the paper and carpet designs were tiny clus
ters of pink buds. The curtains were of
creamy scrim and the corners were stenciled
"just like mother's," with tiny clusters of pink
buds. The furniture was painted with white
enamel, as some was bought ami some home
made, and so they were all made in one color
The little bedspread and dresser covers were
remnants of mauve linen with pink stenciled
buds. A tiny bathroom (the outfit was
bought at the ten cent store) was curtained
off with a cretonne curtain.
The kitchen had a blue-checked paper with
a square of linoleum to match. The cup
board was filled with dishes and tiny pots
and pans. A stove, table and chair com
pletcd it, and blue and white dimity sash
curtains were at the windows. A tiny porch,
with roof, floor and pillar of bristol board,
completed the tiny house. This little girl
has mamma ami papa, little girl and boy serv
ant dolls, all suitably dressed, and she spends
many gay hours "pretending" with her little
household.
aiivi:ktisi:mi:nts.
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CIRCUS DAY IN SQUARETOWN,
Tlhxe Salted Springs.
cfcinilmicd from pko n.)
"There'- your old man" Sid pointed over
the hill with alarm in his already drawn
face "now squeal."
Jti't as Sid put spur to his pony Kenneth
reached out and tore loose the salt-cncmsted
sack, folded it ami thrust it under him.
"Now stay ripht here and don't run away
like a coward," he ordered roughly.
Sid rode hack, dominated hy the older hoy,
though why he could not have told.
Mr. McGregor had hy this time reached
the foot of the hill, and in a moment sal
loped up to the lads. He flashed a question
inn filancc at both.
"How come you over here, Kenneth? I
supposed you to he with the cattle."
"I just left there half an hour bro and
rode over to sec if Sid knew anything about
the springs. They're salted again this
morning."
"Again, again, with you right there?" Ken
neth, this is too much. Somebody should
suffer for such an outrage." The shaggy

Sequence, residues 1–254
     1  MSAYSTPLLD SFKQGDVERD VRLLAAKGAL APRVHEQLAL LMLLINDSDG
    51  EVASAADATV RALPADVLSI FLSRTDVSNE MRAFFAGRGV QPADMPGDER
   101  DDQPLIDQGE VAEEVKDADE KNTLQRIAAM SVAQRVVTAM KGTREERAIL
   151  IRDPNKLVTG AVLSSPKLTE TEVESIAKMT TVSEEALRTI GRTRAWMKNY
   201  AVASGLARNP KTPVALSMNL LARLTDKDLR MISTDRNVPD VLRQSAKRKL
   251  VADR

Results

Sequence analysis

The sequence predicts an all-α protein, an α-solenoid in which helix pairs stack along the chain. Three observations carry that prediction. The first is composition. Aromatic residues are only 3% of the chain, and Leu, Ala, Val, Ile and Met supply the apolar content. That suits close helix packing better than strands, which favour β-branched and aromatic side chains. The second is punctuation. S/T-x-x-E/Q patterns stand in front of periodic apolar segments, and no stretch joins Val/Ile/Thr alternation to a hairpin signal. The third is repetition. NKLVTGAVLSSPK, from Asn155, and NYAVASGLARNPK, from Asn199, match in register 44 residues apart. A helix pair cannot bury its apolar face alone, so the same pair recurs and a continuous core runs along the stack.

head of iron-gray fairly shook with his
righteous wrath. The old man glared with
tvident disapproval at his son's companion.
"What docs Sid know about it?" he de
manded. "Have you found out anything?
Of course not. Come, come, Kenneth, we
must get the stock down to the ranch. I'm
weary of this outlawry." He did not pause
for an answer to any of his que-tions but
spurred his horse on toward the springs.
"Here's your sack, Sid: better keep it out
of sight after this, 'specially when it s cov
ered with salt."
Incredulous wonder spread over the Jones
boy's face.
" on don t mean you won t am t you
going to squeal?"
"N'ot if I can help it, Sid. All we want of
you is a square deal. I've tried to think how
you must feel about this. If I were you, I'd
want a show ; but give us a show too it
means school for Art and me."
Sid's relief and wonder overwhelmed him.
He was only a boy, and the strain had been
very great. Tears sprang into his eyes
eyes that were growing hard too soon.
"Ry ginger, Kid, you're sure white," Jic
said presently, gazing at Kenneth in admira
tion. Suddenly he thrust a brown hand
across toward the other boy, then drew it
back in shame. "I've been rotten all along:
so's the rest of my tribe. I take back every
thing about your doing us dirt it's us."
"Then the spring
"I'll never dope another spring not even
for my dad: he'll half-kill nie if he knows
I got caught."
"Then, good-by, Sid, I've got to go."
"Hv George, you're sure a white one!
So long."
The week is not a real division of time,
for there i no change in nature to mark
it. It i- part of the religious marking
off of time, but in the sense of nature's
division it is wholly artificial. This is not
true of night and day, which we would
know for divisions, even had they no
names, nor of the year, for while man ha
given to the months their names, they are
really marked off from each other by sharp
variations of weather. May is really dif
ferent from June, and October from
November.
The total known coal production of the
world Cc.Nclusive of brown coal or lignite)
in lot t was about 1 ,o,',o,0(m,oo() tons, of
which the United States produced approxi
matcly 11:1,02:1,000 tons; United Kingdom,
271,8'.i'.t.OiiOj Germany, 158,104,000; I-ranee
:i8,O2:t,00, and Uelgiuni, 2i!,GB:i,000,
The area of the Helgian Kongo is csti
mated at about UOO.ooo square miles, and it
has a population of not more than !),ooo,.
000 natives and 4,000 whites. There arc
about forty Americans in the Kongo.
Next Week
Robert W. Chambers will
take the readers of
66
513
on a trip underground in com
pany with
MOLLY MOLE
in another of those fascinating
stories in the "Voices of the
Woods" series
o4nd now we call your
attention to an artist who
has made you all smile.
You have seen his initials,
" E. G. L.," to some of the
funny things in our pages.
Next week he has two
whole pages to himself in
which to amuse you. This
will be the
E. G. LUTZ PAGE
and it will keep you laugh
ing for a week.
o4nd a ripping
BASEBALL STORY
by
KINGSLEY MOSES
who wrote " Mock Turtle."